Greece’s agony drags on, as we’re reminded by remarks from Germany’s deputy finance minister Jens Spahn. Greece must not be granted a “bail in” that would involve creditors taking a loss on their loans, he said.
The International Monetary Fund wants Greece to be given relief on its debt, in effect having their capital value written down. But Germany opposes this, and it is not only Greece’s largest creditor. It also makes the biggest contribution to the European Stability Mechanism, the eurozone’s bailout fund, which has to make a further payment to Greece this summer to enable the country to keep meeting its obligations. A team of European negotiators, plus the IMF, are expected to go back to Athens this week to try to hammer out an agreement. But there is a chasm not only between the Greek government and its creditors, but between the different creditors.
The European negotiating team, in practice led by Germany, argue that the problem is not the size of Greece’s debts but the country’s slow growth and failure to reform. They point to the experience of Spain, which has carried through massive economic reforms and is now growing strongly, with 3.2 per cent growth last year. If Greece has its debts written down, this would not be fair on other European countries.
Indeed it is not just a question of fairness. If a Greek government debt is not worth its face value, it is hard to see quite how the country can remain in the eurozone. The European Central Bank operates on the basis that all member states’ debt is 100 per cent secure. Wolfgang Schäuble, the German finance minister, was prepared to see Greece leave the eurozone during earlier debt negotiations. Since then support for the common currency has weakened with Marine Le Pen, the French presidential candidate, calling for a referendum on France’s membership of the euro, and votes threatened in the Netherlands and Italy too.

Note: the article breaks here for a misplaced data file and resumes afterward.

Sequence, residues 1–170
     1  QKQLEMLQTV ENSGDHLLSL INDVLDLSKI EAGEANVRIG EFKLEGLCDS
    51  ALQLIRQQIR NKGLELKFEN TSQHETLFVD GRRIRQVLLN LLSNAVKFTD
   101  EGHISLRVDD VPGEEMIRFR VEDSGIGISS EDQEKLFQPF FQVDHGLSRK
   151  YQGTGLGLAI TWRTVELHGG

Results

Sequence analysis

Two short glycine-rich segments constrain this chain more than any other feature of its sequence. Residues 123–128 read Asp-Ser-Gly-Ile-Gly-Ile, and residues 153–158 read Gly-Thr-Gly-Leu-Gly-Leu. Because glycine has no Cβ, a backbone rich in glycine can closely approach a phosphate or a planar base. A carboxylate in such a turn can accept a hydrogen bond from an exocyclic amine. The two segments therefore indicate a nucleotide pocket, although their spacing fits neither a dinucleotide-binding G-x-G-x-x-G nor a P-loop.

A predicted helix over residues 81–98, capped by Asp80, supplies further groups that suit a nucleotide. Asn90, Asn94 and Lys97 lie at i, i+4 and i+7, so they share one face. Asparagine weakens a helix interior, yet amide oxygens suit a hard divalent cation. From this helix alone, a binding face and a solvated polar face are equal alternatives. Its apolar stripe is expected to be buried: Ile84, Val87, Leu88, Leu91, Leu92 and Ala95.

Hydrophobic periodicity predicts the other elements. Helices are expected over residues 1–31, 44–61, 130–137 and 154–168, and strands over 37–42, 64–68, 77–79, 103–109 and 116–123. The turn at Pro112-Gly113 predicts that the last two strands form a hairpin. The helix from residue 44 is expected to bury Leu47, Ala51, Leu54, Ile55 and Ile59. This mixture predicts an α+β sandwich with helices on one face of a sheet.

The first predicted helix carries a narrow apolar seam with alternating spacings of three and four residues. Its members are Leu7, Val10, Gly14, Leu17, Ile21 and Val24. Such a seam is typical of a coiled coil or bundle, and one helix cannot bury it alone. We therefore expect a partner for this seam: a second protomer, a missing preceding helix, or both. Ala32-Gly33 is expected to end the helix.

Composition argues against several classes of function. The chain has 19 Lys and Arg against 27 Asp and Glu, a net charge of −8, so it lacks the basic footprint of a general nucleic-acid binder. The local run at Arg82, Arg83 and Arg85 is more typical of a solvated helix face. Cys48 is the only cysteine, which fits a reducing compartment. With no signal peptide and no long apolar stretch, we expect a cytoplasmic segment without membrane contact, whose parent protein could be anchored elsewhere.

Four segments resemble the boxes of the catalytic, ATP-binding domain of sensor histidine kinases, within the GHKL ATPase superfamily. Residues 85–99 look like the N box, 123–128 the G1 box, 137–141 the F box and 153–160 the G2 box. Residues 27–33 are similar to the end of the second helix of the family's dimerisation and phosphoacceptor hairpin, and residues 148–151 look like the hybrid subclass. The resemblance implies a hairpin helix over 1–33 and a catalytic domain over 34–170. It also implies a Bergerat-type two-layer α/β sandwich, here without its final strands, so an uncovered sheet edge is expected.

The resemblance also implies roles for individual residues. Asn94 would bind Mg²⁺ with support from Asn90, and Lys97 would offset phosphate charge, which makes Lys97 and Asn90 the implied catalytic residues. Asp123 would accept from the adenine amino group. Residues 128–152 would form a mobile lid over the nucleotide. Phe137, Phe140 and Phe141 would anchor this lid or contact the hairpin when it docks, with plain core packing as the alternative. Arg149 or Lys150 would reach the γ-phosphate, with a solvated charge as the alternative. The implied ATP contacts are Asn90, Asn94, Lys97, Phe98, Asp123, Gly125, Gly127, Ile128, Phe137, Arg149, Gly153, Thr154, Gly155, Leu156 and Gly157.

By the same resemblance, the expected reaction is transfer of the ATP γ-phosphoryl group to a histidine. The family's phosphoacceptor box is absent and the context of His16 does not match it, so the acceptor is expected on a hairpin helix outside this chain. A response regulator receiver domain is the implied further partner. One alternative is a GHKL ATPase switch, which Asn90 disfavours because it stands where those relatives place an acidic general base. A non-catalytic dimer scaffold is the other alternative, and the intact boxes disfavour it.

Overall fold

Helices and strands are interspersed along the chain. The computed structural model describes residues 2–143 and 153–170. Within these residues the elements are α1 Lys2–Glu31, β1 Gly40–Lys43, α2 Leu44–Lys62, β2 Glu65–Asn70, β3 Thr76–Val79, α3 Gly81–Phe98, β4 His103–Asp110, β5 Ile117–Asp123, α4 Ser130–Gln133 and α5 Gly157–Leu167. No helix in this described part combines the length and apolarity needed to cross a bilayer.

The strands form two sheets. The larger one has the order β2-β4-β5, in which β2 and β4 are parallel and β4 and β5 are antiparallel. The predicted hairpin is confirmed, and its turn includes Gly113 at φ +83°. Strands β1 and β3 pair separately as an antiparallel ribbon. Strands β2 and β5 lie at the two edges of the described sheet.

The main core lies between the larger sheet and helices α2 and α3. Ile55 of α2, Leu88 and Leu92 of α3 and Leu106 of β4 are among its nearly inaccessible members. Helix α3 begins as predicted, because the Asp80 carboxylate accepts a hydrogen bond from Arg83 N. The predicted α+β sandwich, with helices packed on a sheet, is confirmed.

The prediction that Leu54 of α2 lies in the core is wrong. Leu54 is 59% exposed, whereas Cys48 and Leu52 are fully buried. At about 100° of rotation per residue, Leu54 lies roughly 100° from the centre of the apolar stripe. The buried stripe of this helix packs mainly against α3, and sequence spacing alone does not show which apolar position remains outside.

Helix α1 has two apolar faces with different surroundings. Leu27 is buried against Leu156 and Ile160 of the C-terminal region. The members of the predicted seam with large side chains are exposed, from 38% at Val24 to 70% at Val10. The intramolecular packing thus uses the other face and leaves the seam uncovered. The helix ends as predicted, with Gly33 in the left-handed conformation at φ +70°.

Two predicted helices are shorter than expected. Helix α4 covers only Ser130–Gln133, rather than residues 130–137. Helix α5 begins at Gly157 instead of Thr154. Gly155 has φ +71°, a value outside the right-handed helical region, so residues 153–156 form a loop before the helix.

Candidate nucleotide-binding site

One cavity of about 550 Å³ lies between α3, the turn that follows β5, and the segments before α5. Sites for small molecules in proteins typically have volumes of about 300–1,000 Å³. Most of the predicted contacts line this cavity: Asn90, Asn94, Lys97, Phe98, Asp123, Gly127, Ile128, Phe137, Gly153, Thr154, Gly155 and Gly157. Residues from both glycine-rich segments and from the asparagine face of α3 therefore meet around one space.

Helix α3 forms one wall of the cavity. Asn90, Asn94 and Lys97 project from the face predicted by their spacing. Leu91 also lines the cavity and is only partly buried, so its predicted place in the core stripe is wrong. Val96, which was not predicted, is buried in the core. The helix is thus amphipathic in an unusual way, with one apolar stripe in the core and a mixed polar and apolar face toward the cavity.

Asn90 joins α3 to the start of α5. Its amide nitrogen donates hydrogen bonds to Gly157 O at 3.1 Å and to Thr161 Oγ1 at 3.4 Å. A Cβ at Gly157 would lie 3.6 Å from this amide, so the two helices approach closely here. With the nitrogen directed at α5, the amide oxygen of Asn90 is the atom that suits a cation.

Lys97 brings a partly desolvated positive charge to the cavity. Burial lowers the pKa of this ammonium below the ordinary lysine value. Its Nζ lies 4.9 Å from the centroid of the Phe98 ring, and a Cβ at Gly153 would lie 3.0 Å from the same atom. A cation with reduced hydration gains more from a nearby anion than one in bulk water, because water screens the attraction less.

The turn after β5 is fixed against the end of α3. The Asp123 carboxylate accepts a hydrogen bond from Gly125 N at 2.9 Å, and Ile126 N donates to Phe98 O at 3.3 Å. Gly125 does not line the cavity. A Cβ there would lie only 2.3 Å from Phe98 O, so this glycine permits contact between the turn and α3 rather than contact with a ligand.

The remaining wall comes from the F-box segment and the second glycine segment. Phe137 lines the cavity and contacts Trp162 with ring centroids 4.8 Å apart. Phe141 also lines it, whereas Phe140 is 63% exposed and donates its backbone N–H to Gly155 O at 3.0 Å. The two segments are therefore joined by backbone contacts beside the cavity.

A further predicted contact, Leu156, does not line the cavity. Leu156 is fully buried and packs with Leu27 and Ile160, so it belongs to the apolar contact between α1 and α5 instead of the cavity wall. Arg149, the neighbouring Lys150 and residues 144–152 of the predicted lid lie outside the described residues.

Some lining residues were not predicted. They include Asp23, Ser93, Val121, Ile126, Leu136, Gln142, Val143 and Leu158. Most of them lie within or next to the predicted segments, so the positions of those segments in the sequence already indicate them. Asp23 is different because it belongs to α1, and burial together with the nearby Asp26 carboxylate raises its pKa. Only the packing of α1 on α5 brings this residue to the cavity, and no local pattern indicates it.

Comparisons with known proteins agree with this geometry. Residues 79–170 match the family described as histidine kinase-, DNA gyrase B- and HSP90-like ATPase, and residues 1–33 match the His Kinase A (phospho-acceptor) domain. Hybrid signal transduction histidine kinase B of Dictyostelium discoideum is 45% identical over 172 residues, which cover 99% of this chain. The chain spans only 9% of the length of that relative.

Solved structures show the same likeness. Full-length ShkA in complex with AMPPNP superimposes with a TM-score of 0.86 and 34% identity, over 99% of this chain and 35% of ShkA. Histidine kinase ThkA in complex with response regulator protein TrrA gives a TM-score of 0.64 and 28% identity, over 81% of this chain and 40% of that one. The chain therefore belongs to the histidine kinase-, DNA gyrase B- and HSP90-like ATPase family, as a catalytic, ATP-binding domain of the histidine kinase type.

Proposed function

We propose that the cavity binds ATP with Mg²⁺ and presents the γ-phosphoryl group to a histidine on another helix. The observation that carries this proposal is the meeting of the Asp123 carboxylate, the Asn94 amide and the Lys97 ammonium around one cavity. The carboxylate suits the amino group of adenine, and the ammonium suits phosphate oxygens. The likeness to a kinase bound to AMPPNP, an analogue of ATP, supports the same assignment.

So this is not just a technical issue about the most appropriate form of debt relief for Greece. Nor is it one just about fairness in treating different eurozone member states. Nor even it is one just about the future of the eurozone, or indeed about economics at all. All these matter, but one thing matters more. This is a humanitarian issue, for the Greek people are facing a social and human catastrophe.
The Greek economy has shrunk by more than a quarter over the past decade. The pain from that is obvious enough, but that pain is not equally shared. Pensioners have seen their income cut by half, in some cases more. Medical services are under huge pressure, with some drugs no longer available. Unemployment is officially 23 per cent, with youth unemployment double that. For the lucky and well-educated young, the escape is to emigrate to Britain or Germany, where there are jobs. For the older and less fortunate there is no escape except to scrape by, often relying on charity to do so. Of course there has been gross mismanagement of the Greek economy, but those who mismanaged it are not the ones who are suffering now.
The tragedy is that there is an established path that countries in financial difficulty can follow to reset their economies. These typically involve three things: debt relief, a devaluation of the currency, and structural reforms. Greece has been made to do the last, but the first two options have not been available. At some stage there will have to be debt relief, and many believe there will have to be devaluation too. Meanwhile the agony continues, hurting most those least able to bear it.
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